Shop Cost, Distributor Markup, Retailer Markup, and List Price

      A door manufacturer looking to work with distributors and retailers wants help figuring out how his production cost tracks through multiple markups to a realistic retail list price. April 21, 2011

My question relates to the standard percentages used by distributors and retail lumber yards when figuring their price points. To come up with a list price I am first charging for shop time and materials. I then take that number and add 25% for a distributor markup. I then add another 40% for the retail markup. Does this sound about right? I think I found some information on here before about this subject, but couldn't find it this time.

Forum Responses
(Business and Management Forum)
From contributor M:
65% markup after your own margin sounds very high. It is hard to discuss what the markup to retail might be without knowing your cost to manufacture and production capacity. If I can produce 15 kitchens a month and you can only make three then our percentage markup will be very different.

From the original questioner:
I am going for fairly high production. Just to clarify, I'm looking into using a distributor for my product, so the retail stores will have to buy my doors from the distributor and then add their own markup. I don't want to advertise a price on my website that is lower than what the retailers could sell for. Using the formula described above, I come up with a list price that is the same or slightly lower than what I have found on the internet for a similar quality product. I just want to make sure it is reasonable to assume that these percentages will keep the distributor and retailer happy enough to want my product.

From contributor F:
You need to know the discounts you are offering off of retail to figure out the markup. If your customers are purchasing on a discount from a retail price then you adjust the price to match the discounts so you net what you want. Your markups end up in a retail discount of slightly less than 27% and a distributor discount of 22%. That seems tight for retail.

From the original questioner:
What types of markups do distributors and retailers typically want in the building supply industry? According to my math, I am offering the doors to distributors for 43% off of list and retailers would purchase from distributors for 27% off of list, allowing them a 40% markup.

From contributor U:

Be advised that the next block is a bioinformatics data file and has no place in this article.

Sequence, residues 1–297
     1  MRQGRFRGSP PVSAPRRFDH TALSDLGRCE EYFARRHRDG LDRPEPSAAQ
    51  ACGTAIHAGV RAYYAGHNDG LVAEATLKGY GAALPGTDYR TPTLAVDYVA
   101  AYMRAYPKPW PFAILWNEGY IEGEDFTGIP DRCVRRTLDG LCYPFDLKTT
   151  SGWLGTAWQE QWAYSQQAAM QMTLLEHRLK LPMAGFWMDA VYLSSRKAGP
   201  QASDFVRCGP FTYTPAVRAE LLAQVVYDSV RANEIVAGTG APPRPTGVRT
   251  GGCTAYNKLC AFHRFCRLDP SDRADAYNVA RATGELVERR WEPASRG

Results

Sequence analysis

I am just wondering - are you looking to have this distributor distributing 100% of your product? If that is the case, don't advertise any pricing at all, sell your product to the distributor for what you need to in order to generate your required profit and don't worry about the rest. If your costs to produce the product are competitive, the distributors/retailers will be able to add whatever markup they require in order to make their money and still be able to sell to the end user. If you are looking to a high volume distribution model, I don't think you want to be bothered with the walk in who wants to buy three doors, or anger the distributors/retailers by offering a direct sale to consumers that undercuts their pricing. Of course take this all with a grain of salt, I may totally be misinterpreting what you were asking for.

From the original questioner:
Contributor U, you understand exactly my business model. My website's purpose right now is to attract some attention before I talk to the distributor so I can show them there is interest in my product. I thought about not including pricing but it always bugs me when I go to a website that has no pricing. I was trying to show pricing that would be able to be beaten by the retailers who will eventually be selling my product. List price seems be always more than what is actually charged at the retail level. I am not really looking to sell retail at all. I'm just trying to generate some sales in the meantime so I can show the distributor that people are willing to pay list price for my product. Sounds like you are suggesting this might be a waste of time and I should simply start talking to the distributor I have in mind.